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A Reportage from Somaliland by Jörg Arnold (text) and Fabian Biasio (photos)
When Abdullahi Hashi Yusuf tells of the great drought, even the desert seems to be listening in shame. His voice carries no reproach, no anger at the hard stroke of fate. Word by word, Abdullahi gathers his thoughts together; to understand for himself what has happened to him and his family. "We lacked nothing," says the 52-year-old. "We lived well from our 450 animals. We were proud people. Today we have three animals left. The drought has turned us into beggars."
In Somali's Lamodheere, where Abdullahi, with his two wives and children, has found refuge, climate change is not a subject for political arguments. The group of men standing just off the village square is not busy asking the question whether the temperature will maybe rise by two or six more degrees in the next thirty years. They are trying to organize their naked survival. Here and now.
Lamodheere is just one of the countless makeshift settlements that have sprung up in Somaliland over the past three years. In the language of the Government and the helpers, these are IDP camps. IDP stands for "Internally Displaced People". These are the new villages of nomads displaced from their lives, the villages of the climate refugees. They settle wherever there is water, a well, a reservoir. Over the past three years, tens of thousands of nomadic families have lost their economic base to the drought. In Lamodheere, livestock breeders complain about the loss of 95 percent of their livestock. Not only for individual families, but for the whole state of Somaliland, whose economy depends essentially on livestock, the drought of recent years is an unprecedented drama.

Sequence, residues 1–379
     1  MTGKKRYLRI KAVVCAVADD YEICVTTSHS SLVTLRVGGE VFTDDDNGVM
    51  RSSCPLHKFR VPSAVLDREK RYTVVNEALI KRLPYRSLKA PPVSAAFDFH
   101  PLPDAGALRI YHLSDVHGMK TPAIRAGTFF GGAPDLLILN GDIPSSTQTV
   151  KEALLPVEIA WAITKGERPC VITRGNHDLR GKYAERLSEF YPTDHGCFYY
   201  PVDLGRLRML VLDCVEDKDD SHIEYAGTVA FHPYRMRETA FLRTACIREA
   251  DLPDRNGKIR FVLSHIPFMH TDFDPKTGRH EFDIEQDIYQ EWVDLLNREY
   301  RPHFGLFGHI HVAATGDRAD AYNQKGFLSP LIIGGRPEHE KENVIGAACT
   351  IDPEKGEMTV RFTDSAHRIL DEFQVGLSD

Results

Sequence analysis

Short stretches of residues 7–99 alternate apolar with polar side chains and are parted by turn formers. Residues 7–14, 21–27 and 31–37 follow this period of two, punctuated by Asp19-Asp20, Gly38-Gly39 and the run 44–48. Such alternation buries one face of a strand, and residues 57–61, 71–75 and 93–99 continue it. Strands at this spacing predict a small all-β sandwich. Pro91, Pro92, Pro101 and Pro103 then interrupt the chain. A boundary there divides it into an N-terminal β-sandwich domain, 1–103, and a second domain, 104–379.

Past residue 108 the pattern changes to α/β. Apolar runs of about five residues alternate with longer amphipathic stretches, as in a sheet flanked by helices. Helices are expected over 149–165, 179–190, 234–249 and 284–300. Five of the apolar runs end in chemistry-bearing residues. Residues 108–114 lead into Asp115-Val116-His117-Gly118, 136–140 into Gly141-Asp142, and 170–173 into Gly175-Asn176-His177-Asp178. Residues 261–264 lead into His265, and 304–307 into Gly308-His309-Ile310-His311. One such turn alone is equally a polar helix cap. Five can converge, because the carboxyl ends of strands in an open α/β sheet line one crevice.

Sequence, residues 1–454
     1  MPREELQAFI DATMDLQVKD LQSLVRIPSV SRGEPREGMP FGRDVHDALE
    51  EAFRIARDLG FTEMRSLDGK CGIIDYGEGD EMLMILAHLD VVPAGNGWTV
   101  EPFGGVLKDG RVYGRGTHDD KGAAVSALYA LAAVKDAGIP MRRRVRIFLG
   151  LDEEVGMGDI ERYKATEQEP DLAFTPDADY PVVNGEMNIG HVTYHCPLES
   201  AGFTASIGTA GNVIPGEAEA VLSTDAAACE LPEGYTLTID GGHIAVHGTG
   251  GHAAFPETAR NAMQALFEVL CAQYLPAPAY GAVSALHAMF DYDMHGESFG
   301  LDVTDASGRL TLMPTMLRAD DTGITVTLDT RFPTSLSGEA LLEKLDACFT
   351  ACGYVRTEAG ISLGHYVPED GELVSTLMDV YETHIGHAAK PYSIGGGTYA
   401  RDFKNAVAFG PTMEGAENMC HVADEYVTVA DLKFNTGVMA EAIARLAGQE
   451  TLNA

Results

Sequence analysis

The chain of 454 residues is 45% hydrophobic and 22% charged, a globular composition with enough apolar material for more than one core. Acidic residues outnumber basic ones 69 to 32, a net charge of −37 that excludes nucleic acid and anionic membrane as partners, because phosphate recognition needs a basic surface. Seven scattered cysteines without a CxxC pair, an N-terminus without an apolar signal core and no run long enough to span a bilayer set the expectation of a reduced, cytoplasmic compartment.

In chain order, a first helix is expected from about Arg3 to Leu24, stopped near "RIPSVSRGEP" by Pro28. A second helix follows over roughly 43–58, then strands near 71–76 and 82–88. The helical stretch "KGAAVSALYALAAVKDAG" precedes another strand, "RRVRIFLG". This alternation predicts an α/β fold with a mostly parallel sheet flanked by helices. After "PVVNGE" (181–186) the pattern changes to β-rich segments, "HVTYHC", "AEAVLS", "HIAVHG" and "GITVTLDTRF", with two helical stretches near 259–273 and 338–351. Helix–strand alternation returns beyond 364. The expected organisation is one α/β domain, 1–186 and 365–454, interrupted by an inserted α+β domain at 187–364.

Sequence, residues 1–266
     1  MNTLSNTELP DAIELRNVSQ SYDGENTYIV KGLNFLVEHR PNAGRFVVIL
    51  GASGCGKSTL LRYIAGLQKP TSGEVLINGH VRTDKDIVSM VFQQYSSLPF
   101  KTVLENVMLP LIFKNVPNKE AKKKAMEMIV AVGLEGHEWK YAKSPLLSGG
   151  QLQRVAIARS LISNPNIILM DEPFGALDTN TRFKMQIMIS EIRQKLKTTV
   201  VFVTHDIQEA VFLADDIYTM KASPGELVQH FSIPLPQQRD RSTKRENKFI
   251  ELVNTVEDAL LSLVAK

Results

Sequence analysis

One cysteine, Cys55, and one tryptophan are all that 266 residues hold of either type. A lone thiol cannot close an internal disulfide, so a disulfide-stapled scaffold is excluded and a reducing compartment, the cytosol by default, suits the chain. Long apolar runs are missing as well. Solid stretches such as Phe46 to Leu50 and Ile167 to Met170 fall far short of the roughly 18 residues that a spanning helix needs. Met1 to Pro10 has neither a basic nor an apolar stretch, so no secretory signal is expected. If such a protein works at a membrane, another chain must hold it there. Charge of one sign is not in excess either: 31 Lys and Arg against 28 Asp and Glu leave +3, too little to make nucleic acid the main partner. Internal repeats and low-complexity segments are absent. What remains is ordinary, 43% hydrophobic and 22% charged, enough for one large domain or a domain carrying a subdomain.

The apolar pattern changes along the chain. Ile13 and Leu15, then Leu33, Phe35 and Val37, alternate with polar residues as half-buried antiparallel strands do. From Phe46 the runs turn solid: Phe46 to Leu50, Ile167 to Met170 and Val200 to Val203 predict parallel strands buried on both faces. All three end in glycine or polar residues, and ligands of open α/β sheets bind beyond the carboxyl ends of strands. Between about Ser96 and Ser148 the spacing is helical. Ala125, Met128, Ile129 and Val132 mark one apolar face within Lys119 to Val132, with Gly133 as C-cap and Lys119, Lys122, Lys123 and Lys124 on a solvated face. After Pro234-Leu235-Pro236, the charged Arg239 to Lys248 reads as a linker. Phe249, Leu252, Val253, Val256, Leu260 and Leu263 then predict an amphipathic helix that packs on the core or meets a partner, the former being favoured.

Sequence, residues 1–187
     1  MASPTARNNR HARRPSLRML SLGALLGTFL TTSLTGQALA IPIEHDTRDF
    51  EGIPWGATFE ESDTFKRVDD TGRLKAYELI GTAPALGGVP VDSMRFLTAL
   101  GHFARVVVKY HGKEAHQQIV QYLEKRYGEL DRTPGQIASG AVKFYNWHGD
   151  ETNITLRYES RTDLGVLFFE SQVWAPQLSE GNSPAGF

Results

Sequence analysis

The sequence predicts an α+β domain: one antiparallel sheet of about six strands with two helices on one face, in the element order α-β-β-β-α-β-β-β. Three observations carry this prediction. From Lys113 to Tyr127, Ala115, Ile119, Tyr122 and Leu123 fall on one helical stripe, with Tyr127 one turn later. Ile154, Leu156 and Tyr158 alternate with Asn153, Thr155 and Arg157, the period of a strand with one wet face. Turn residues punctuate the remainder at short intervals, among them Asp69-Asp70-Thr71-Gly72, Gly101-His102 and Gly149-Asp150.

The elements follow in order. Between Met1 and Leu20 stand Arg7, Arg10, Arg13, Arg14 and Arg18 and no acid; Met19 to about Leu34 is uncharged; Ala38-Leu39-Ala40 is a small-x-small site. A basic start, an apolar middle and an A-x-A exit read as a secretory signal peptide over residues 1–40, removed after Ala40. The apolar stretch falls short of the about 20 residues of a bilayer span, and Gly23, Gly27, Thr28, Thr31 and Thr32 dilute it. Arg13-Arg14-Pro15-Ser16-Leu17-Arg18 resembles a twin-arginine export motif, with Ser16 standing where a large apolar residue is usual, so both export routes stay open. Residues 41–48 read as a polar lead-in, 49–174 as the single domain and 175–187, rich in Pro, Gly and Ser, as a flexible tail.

"Before the drought, I had 450 sheep and goats, ten camels and two cows", says Abdullahi Hashi. "We lived very well. The children had milk and meat to eat. They kept watch over the animals and played with them. Then, for three years the rain stopped. The government organized water and filled the wells. And we always hoped that the rain would still come. But it stayed dry. The animals had nothing to drink and nothing to eat. They were so weakened that they couldn't walk anymore. At the market, we got nothing for them. The value of a scrawny goat fell from fifty to four dollars."
And then began the great dying. Abdullahi leads us out into the bush, to where they have carried the animal carcasses and stacked them in heaps. Sometimes, Abdullahi says, the smell of the decomposing carcasses is so penetrating that for fear that the children would become ill from the smell they soak the carcasse heaps in expensive diesel oil and set them on fire.